One man's castle is his simple rowhouse Sudden idea: Matthew Vadney came to Baltimore on a "whim" and bought a home, something he thought he never could do in expensive Northern Virginia.

Dream Home

April 14, 1996|By Jill L. Kubatko | Jill L. Kubatko,CONTRIBUTING WRITER

Matthew Vadney's home looks like most Formstone-covered rowhouses in Baltimore, with one exception -- the home is his and that's all that matters.

"It's not a designer home or decorated with contemporary art and Andy Warhol prints," said 29-year-old Mr. Vadney of his rehabbed house in Washington Village, also known as "Pigtown."

He calls it "comfortably ordinary."

But it's the home he never thought he could afford, growing up in Northern Virginia where real estate prices are some of the highest in the mid-Atlantic.

When he moved to Baltimore on a "whim" last year, Mr. Vadney worked as a driver for Falls Road Animal Shelter, making $12,000 a year. Recently, he was hired as a senior case worker, working with at-risk middle school students in Baltimore County.

Through loans and closing cost help from programs offered by Maryland and Baltimore City housing agencies, he was able to buy and rehabilitate the once-abandoned home on Washington Boulevard.

Opposite his three-story rowhouse are two liquor stores and Paul's Place, a storefront where the homeless can get a bag lunch. The corner also was once a haven for drug dealers. Drug activity declined after residents of the neighborhood began calling police several times a day, he said.

Mr. Vadney is on the Public Safety Committee of the city's empowerment zone. As a block captain, he organized a block crime watch for his neighborhood.

One morning, as he swept debris from his sidewalk, his neighbors joined him.

"Other neighbors saw me and they came out to help," he said. "No one goes to meetings here; they just go out and do it. We clean up the trash ourselves. Nothing is planned, it just sort of happens."

The rowhouses built along Washington Boulevard in the mid-1800s were once the homes of workers at the Mount Clare shops of the Baltimore & Ohio Railroad.

Mr. Vadney's 12-foot-wide by 40-foot-long home is a work in progress: Unframed museum prints are thumb-tacked to the walls, a kitchen island is almost finished, and spring should bring the blooms of flowers and trees he planted last year.

When Mr. Vadney chose his home, he picked the one with the largest back yard.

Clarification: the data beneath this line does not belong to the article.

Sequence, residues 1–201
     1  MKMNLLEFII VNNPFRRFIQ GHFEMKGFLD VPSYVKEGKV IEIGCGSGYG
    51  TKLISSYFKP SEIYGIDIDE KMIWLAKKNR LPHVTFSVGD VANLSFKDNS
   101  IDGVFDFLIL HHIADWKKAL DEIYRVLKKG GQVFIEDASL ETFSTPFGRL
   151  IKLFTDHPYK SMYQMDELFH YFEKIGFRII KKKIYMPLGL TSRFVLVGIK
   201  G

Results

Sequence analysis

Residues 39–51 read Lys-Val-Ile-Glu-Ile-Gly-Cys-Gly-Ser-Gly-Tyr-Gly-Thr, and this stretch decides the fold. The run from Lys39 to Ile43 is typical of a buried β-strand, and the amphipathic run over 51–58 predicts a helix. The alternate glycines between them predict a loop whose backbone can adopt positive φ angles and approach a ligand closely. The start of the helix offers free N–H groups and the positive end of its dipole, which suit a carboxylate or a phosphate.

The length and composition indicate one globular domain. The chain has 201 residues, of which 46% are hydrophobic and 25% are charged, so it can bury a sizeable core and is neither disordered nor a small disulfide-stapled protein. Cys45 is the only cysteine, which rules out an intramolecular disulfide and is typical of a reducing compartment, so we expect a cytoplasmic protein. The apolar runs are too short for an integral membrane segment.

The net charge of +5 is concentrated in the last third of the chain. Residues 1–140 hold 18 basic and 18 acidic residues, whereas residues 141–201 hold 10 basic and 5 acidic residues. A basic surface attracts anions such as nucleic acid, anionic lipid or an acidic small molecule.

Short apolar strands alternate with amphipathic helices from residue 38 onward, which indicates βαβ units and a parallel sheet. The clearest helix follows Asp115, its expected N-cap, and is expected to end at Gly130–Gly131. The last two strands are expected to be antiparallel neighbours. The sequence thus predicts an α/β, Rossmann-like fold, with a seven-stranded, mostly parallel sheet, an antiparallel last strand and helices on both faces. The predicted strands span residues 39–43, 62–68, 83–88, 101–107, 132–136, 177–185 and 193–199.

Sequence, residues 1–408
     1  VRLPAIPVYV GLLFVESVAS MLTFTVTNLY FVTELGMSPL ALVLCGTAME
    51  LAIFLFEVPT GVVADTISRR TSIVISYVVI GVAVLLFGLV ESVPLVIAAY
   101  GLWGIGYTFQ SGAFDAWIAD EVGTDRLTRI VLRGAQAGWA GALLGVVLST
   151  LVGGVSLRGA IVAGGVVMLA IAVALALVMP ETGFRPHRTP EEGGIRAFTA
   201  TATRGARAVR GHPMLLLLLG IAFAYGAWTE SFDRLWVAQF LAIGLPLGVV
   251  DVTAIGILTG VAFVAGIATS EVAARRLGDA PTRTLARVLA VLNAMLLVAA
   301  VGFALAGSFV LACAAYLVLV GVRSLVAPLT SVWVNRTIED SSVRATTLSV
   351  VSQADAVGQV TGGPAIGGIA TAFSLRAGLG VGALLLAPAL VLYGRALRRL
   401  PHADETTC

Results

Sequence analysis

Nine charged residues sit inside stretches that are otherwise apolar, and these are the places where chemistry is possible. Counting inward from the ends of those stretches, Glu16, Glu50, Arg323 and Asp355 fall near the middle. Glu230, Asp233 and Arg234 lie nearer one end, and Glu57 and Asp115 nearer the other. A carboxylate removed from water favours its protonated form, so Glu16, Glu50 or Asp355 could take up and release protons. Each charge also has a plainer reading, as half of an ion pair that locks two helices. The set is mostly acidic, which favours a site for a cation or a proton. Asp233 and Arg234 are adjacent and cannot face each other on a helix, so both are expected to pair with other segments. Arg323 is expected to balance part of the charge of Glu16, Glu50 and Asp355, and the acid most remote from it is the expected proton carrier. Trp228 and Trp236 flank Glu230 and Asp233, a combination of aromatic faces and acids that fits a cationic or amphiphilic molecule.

"I wanted a big green space for my dog," a terrier named Sammy. He also shares his home with California, a cat.

Mr. Vadney planted azaleas, forsythias, strawberries and juniper trees in the 12-by-50-foot yard. He filled the flower bed with gladiolas and constructed a stone path that runs down the center of the fenced-in space.

"My goal is to create a green oasis in the urban jungle. After a year of growth, the yard should get that feeling this year," he said.

Mr. Vadney's living room has an unusable brick fireplace, cream carpeting, white walls, hand-me-down furniture from his family, two Ikea tables and a Native American rug.

"My friends constantly remind me I should have never chosen whitish carpeting for my house." The color was appropriately called "sand trap," he said.

The first floor also has a bathroom/laundry room and an exercise machine in the hallway leading to the kitchen.

The stairway to the second floor narrows to about 20 inches at the top to make room for a heat duct. The walls are painted a vibrant aqua dubbed "Hawaiian Blue." The second floor has two bedrooms and a full bath. One bedroom is painted a brilliant "Jay Hawk Blue."

The bedroom at the rear of the house -- used by a boarder -- has a sloping floor. But Mr. Vadney sees past the flaws in his home.

"The house's quirky imperfections make it a loveable place to live," he said.

The third floor has another bedroom and a small computer room at the top of the stairs.

One of the house's attractions is its location.

Within a 20-minute walk or a five-minute bicycle ride are the Inner Harbor, Lexington Market, Oriole Park at Camden Yards, the Washington Village branch library and a grocery store.

Or, as he joked, "30 minutes on a sunny day."

"I wouldn't live anywhere else," said Mr. Vadney. "I have no regrets of moving here."

Pub Date: 4/14/96

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